An Introduction to the Hadoop Ecosystem

Everyone who is learning more about Big Data will, within a short period of time, encounter the Hadoop software framework. When I first encountered it, I found the ecosystem (all with highly interesting names) very elaborate, yet at the same time confusing. The many components (or to stick to Apache terminology ‘related projects’) sometimes add to the confusion, because each of the ‘related project’ has different focus or orientation. In this article, I will therefore aim to provide a comprehensive overview of the Hadoop Ecosystem as I have encountered it.

Background, History and Objectives of the Apache Hadoop Project

Before we start to explore the Hadoop Ecosystem in further detail, it would be good to understand why Hadoop was created? As with all open-source inventions that scale quickly, Hadoop clearly solves a specific problem. So what is the problem that led to the creation of Hadoop?

Hadoop was originally created by Doug Cutting and Mike Cafarella in 2005, when they were working on the Nutch Search Engine project. The Nutch Search Engine project is highly extendible and scalable web crawler, used the search and index web pages. In order to search and index the billions of pages that exist on the internet, vast computing resources are required. Instead of relying on (centralized) hardware to deliver high-availability, Cutting and Cafarella developed software (now known as Hadoop) that was able to distribute the workload across clusters of computers.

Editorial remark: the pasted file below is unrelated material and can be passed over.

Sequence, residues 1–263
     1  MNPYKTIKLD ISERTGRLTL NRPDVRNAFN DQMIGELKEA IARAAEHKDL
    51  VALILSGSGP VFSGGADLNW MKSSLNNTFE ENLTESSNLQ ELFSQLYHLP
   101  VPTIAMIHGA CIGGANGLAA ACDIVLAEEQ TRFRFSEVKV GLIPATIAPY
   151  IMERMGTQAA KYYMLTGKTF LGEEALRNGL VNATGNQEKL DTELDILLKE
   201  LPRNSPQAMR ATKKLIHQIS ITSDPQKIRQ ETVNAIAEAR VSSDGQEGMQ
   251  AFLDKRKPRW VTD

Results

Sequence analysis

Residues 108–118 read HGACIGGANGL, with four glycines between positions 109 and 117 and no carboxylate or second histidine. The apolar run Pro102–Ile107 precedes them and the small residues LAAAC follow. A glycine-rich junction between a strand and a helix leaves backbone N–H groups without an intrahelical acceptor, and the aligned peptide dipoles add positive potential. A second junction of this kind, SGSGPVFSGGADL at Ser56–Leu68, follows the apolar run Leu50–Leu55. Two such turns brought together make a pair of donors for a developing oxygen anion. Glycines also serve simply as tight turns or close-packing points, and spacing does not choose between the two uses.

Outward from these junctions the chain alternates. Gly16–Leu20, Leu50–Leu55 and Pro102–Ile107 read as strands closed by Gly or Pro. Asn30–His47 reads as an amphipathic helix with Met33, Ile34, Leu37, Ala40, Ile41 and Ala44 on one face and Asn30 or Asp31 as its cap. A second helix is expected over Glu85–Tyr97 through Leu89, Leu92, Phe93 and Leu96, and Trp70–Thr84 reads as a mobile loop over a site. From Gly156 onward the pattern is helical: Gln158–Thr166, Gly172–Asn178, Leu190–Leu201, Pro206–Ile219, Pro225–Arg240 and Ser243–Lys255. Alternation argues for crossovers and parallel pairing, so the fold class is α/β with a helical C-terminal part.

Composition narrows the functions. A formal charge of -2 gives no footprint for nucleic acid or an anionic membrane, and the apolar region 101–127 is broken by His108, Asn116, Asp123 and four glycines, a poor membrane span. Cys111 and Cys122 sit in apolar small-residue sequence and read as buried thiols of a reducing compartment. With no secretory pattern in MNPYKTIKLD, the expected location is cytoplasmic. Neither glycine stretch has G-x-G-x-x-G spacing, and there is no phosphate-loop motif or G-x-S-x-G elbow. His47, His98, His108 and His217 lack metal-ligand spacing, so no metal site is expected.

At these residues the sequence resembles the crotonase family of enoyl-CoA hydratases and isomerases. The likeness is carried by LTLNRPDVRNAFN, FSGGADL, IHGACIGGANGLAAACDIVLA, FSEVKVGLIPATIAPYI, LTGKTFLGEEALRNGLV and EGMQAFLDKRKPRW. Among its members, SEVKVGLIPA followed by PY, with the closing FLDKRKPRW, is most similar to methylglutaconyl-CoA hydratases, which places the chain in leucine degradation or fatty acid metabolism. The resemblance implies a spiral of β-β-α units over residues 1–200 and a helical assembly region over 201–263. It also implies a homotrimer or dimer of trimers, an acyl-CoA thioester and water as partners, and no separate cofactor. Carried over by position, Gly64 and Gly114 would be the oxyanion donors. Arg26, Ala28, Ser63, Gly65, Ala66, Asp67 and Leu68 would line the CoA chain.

With the development of Hadoop, Cutting and Cafarella solved the following problems:

  1. Instead of using centralized hardware, Hadoop distributes the workload over a cluster (i.e. a network of computers) which consist of commodity hardware. Because commodity hardware can be used, Hadoop provides a cost-effective solution for companies that need to process Big Data.
  2. Hadoop is designed to scale up (and down) from single servers to thousands of machines, making it a highly efficient for batch processing. In most enterprise organizations, high-processing workloads are only required for relatively small periods of time (i.e. not continuously). The scalability of Hadoop extremely suitable for batch processing, and consequently for users of Cloud Computing environments, which frequently work on a pay-for-use model.
  3. Because Hadoop distributes workloads over large clusters of commodity hardware, the library has been designed to detect and handle failures at the application layer. If for whatever reason the nodes in the network fail, Hadoop has redundancy built-in that will still complete the processing job. This makes Hadoop more resilient or fault-tolerant compared to traditional (centralized) solutions.

When you think about these benefits, it is not difficult to see why Hadoop has quickly grown to become the industry standard for distributed storage and processing. Add to these benefits that Hadoop is an open-source solution (i.e. non-proprietary), and you will understand why it has been embraced by almost all enterprise organizations.

And the name Hadoop? This remains one of the most simple, yet fascinating stories in computing. Hadoop was named after the yellow-stuffed toy elephant of the 2-year old son of Doug Cutting, who was just beginning to talk and called the elephant ‘Hadoop.’ In the words of Doug Cutting: